Recent documents reveal U.K. spy agencies collect the majority of their data from everyday citizens and not crime suspects.
British spy agencies may have more private information about its citizens than one may think, thanks to the U.K’s fairly opaque rules surrounding their regulation.
Recently disclosed documents reveal much about the British government’s contentious mass surveillance programs. Privacy International, an organization in London, received previously confidential files as part of their involvement in legally challenging the scope of British spies’ data.
As published in The Intercept, Millie Graham Wood, Legal Officer at Privacy International, said that the documents contain “your private medical records, your correspondence with your doctor or lawyer, even what petitions you have signed, your financial data, and commercial activities.”
“The agencies themselves admit that the majority of data collected relates to individuals who are not a threat to national security or suspected of a crime. This highly sensitive information about us is vulnerable to attack from hackers, foreign governments, and criminals,” she added.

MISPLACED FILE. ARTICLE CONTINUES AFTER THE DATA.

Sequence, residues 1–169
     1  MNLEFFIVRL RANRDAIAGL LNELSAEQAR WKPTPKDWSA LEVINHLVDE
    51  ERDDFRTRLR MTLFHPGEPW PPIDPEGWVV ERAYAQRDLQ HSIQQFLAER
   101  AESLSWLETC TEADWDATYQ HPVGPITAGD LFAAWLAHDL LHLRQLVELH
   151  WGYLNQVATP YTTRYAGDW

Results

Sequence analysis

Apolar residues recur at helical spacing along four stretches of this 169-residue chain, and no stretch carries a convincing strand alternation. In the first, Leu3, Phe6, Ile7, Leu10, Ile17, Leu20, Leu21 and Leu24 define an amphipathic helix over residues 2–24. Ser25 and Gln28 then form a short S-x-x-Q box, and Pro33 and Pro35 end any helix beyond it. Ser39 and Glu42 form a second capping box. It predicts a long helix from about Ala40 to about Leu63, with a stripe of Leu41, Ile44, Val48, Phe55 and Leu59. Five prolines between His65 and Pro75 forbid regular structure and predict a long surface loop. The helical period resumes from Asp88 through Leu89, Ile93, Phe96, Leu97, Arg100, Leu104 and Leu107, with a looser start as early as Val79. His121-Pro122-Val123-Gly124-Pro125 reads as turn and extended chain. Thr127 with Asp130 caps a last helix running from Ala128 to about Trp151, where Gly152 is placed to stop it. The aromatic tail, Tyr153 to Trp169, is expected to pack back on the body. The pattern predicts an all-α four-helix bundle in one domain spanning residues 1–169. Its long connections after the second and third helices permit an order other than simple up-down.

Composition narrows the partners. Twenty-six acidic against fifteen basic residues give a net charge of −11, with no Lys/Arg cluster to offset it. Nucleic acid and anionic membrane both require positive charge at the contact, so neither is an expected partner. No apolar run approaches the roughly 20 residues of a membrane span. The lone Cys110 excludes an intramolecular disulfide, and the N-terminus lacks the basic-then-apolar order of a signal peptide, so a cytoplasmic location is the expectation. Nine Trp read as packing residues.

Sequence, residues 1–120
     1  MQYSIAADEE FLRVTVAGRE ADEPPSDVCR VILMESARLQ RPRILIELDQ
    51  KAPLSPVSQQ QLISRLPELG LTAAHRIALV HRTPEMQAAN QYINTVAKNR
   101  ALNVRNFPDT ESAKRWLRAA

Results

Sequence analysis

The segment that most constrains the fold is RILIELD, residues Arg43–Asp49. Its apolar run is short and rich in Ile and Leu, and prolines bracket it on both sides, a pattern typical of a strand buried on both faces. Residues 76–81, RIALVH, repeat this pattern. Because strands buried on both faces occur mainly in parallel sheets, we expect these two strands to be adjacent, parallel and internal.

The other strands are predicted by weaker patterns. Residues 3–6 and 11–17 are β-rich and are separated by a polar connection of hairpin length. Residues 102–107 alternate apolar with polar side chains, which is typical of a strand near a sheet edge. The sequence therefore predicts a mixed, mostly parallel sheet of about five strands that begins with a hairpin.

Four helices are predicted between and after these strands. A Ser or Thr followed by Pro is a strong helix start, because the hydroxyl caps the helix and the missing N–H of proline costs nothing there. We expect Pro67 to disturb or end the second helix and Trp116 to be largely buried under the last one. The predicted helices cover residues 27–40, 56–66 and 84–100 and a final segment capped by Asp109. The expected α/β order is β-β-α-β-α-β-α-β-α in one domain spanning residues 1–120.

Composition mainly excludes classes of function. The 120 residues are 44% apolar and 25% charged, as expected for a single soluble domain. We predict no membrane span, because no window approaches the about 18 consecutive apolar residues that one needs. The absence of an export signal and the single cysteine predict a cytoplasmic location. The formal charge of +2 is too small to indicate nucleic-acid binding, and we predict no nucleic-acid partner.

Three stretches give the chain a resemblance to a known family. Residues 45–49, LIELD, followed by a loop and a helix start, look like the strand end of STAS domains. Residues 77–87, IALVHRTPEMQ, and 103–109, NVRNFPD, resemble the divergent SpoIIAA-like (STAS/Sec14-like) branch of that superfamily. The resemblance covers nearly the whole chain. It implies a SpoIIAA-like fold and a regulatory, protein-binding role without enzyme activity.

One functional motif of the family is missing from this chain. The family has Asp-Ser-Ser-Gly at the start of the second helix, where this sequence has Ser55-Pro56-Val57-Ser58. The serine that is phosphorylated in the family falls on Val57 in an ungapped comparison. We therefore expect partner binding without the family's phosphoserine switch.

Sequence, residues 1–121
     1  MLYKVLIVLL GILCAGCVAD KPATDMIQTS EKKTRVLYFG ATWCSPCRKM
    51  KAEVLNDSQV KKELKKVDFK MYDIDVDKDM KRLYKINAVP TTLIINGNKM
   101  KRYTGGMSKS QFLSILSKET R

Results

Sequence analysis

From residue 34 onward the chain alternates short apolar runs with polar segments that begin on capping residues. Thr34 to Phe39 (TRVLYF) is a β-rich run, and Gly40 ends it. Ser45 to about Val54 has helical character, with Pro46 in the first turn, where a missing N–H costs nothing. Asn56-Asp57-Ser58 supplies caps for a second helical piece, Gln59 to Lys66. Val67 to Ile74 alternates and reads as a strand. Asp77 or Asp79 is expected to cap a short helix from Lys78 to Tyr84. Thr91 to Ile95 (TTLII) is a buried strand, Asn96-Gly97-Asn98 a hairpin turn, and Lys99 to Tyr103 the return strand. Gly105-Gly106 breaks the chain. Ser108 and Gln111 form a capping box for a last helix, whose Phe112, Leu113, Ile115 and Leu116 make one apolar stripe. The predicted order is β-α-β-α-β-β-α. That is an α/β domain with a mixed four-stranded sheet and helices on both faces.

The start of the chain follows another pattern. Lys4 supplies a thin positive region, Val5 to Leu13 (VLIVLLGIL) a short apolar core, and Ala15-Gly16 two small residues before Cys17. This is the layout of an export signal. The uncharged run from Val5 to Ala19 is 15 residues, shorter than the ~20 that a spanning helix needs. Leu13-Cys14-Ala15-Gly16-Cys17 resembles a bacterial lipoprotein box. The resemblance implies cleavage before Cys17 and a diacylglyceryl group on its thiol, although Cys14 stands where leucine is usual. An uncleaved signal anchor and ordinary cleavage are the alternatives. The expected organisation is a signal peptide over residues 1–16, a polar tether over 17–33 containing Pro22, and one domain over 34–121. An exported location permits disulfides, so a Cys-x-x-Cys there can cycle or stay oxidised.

The documents also reveal that the eavesdropping agency Government Communications Headquarters (GCHQ) and domestic intelligence agency MI5 obtained the bulk datasets years ago – GCHQ in 1998, and MI5 in 2005. The agencies argue that the data is essential in thwarting terror plots.
Last year, The Intercept exposed how GCHQ attempted to create “the world’s largest surveillance system,” that would horde about 50 billion records every day about people’s emails, phone calls, and internet habits.
This content was originally published by teleSUR.